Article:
Edit: I was less familiar with this singer so it took longer to get the answer. There were some good clues in the comments, including "alas, I am, Carl" which was an anagram of the singer's full name and uses of the word "callous".
A: Maria Callas --> La Scala

Thursday, November 20, 2008

NPR Sunday Puzzle (Nov 16): Authors Beginning with C

NPR Sunday Puzzle (Nov 16): Authors Beginning with C:
Q: Name a famous author whose last name starts with the letter C. Cross out four letters in it. The remaining letters, in order, will name another famous author also starting with C. Who are these two writers?
I'm not sure if I have the intended answer but I have a pair of authors that will work... it helps if you have a list of authors starting with C

Edit: It's after the deadline, so I'm going to reveal what I think is the intended answer.
A: Miguel de CERVANTES (famous for "Don Quixote")
(cross out e,v,t,s)
Stephen CRANE (famous for "Red Badge of Courage")

Thursday, November 13, 2008

NPR Sunday Puzzle (Nov 9): A Pair of Animals, Running Wild in the Capital!

NPR Sunday Puzzle (Nov 9): A Pair of Animals, Running Wild in the Capital!:
Q: Take the names of two animals. Drop the third letter from each name. Read the remaining letters, in order, from left to right and you'll name a world capital. What is it?
There are several ways to approach solving this puzzle. You could look at lists of animals, or perhaps it might be easier to look at a list of world capitals. I don't think you'll find it too difficult. Oh, my clue this week is that "tiger" is not one of the animals. Does that help?

Edit: My clues were "Oh my" and "tigers". At least my clues were less obvious than some posted in the comments section. I had to delete one that had the outright answer. Please wait until after the Thu. 3pm ET deadline to post spoilers.
A: BEaR + LIoN --> BERLIN (Germany)

Thursday, November 06, 2008

NPR Sunday Puzzle (Nov 2): Setting the Clock Back

NPR Sunday Puzzle (Nov 2): Setting the Clock Back:
Q: The names of presidents Ronald Reagan and Bill Clinton have something unusual in common. In fact, these are the only presidents in U.S. history whose names share this characteristic. What is it?
I was in the middle of setting my clocks back this morning so didn't hear the puzzle. Is anything missing from what I wrote?

Edit: It's now after the deadline so I can reveal my hints. The key words were "middle" and "missing". Also, the reference to setting the clock back was a hint to think back to prior presidents.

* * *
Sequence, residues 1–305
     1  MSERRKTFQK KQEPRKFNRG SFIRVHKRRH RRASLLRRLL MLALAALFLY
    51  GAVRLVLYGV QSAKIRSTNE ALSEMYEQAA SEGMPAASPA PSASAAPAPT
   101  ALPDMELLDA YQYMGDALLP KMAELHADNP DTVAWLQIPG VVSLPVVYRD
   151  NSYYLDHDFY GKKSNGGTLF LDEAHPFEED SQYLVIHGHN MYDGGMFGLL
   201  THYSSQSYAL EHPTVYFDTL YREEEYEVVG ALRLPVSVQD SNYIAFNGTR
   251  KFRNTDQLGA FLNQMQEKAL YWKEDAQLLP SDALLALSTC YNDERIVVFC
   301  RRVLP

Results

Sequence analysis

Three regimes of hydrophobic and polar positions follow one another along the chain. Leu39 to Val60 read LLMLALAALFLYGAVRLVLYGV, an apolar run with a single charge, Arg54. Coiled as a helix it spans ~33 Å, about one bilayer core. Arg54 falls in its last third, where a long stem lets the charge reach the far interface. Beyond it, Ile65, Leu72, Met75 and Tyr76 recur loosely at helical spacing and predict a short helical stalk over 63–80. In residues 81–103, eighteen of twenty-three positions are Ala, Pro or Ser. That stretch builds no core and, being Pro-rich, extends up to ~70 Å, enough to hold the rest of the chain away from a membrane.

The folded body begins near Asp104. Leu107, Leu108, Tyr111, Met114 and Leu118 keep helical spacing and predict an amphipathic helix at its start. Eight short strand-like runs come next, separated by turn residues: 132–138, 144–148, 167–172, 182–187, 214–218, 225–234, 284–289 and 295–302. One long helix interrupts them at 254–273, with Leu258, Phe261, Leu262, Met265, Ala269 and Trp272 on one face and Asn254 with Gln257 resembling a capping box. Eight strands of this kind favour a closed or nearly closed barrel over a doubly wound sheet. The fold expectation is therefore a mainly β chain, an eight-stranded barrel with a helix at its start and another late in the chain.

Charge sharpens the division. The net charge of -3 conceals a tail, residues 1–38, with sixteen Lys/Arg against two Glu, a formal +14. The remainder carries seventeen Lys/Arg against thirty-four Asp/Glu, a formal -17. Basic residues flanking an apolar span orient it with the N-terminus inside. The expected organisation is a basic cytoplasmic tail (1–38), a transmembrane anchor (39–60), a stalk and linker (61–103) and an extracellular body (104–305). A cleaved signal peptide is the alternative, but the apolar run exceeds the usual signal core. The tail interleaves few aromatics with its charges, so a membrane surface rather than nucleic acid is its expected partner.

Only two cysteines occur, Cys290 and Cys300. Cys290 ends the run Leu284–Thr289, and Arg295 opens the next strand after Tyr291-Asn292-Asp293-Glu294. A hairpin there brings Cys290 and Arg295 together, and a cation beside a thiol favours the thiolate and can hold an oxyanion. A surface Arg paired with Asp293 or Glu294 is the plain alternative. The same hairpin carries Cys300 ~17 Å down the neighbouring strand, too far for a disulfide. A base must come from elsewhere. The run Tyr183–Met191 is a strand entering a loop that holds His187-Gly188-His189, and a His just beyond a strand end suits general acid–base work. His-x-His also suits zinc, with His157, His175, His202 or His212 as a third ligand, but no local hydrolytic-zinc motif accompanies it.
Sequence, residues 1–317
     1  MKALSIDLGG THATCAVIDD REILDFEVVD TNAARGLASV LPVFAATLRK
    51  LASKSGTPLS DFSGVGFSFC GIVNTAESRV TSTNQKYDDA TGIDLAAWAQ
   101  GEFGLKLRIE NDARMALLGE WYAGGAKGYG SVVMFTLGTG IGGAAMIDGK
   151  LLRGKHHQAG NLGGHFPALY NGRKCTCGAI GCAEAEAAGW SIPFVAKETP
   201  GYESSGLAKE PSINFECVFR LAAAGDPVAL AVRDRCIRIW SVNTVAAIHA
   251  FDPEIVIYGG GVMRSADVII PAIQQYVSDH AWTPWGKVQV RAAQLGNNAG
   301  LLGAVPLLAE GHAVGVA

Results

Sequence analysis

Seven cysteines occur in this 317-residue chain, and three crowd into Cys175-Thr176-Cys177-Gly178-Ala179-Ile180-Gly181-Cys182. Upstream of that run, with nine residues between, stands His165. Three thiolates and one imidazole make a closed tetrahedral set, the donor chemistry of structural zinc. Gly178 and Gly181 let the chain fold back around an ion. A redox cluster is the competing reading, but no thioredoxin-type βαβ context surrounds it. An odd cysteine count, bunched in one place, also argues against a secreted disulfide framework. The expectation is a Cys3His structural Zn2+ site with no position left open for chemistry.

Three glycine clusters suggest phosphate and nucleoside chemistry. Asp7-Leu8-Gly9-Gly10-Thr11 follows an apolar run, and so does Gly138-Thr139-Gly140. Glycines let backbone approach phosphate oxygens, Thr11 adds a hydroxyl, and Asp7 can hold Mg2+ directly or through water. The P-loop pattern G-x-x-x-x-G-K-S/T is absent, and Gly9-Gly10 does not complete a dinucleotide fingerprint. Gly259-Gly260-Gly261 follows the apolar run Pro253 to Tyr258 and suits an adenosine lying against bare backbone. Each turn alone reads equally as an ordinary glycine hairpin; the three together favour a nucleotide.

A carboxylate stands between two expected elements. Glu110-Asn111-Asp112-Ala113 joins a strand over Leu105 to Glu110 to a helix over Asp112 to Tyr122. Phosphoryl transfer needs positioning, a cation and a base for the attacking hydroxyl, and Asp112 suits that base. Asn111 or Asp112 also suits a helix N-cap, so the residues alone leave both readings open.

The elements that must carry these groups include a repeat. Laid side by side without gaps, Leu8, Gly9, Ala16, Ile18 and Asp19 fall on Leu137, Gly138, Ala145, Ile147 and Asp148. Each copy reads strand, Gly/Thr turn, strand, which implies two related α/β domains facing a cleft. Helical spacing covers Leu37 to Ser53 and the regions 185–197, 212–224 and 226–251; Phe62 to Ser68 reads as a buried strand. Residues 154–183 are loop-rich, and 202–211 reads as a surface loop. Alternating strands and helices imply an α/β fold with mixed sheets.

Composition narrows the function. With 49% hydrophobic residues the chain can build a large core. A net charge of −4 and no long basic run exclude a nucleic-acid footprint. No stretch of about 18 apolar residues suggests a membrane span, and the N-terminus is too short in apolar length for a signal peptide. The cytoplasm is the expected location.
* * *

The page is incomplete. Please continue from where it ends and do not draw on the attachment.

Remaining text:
A: Ronald Wilson Reagan and William Jefferson Clinton -- their middle names are the last names of former U.S. presidents

Friday, October 31, 2008

Friday Fun - Happy Halloween!

Halloween Costumes 2008As part of our annual Halloween tradition, we come up with a "family theme" for our costumes. This year we went as the Characters from Clue. We entered in to two local Halloween costume contests and in both we won first place for the group category. In addition, we won a special trophy for "Best In Show".

Take a look at our costumes for this year and years past

Thursday, October 30, 2008

NPR Sunday Puzzle (Oct 26): Has Anyone Heard of This Sports Team?

NPR Sunday Puzzle (Oct 26): Has Anyone Heard of This Sports Team?:
Q: 'Nonclassical analysis' contains eight different letters. Two of them occur once, two of them occur twice, two of them occur three times, and two of them occur four times each. Which sports team's name has this same property?
Oh brother. Couldn't Will Shortz have picked something more topical for this week's puzzle rather than hitting us with this week's stumper? I doubt you could scour the sports pages and find any mention of this team... right? I mean, people are busy with Halloween but this puzzle has nothing to do with a favorite fall activity. Well, I'm sure you'll eventually figure this out, maybe after 5 tries... unless you have to take a couple more guesses.

Edit: Clues -- "Oh brother" (as in City of Brotherly Love), "hitting", "favorite fall activity", and "out". Plus there were additional references to the World Series throughout.

Thursday, October 23, 2008

NPR Sunday Puzzle (Oct 19): Now That's A Capital Idea

Sunday Puzzle (Oct 19): Now That's A Capital Idea:
Q: Name a famous actress with four letters in her first name and five letters in her last name. Drop the last letter of her first name and the last two letters of her last name. The remaining letters, in order, will name well-known a world capital. Who is the actress and what is the capital?
Seems like we have a pattern going on. A few weeks ago the puzzle answer was "Giant Anteater" and I gave the clue to "B.C. Comics" which has a giant anteater as a recurring character. Then I used the same clue to hint at Bill Cosby for the puzzle on "Jello". Perhaps I can reuse an old clue in a similar fashion for this week?

Edit: The hint was a reference to the Cosby show. The actress in question played Denise Huxtable

Thursday, October 16, 2008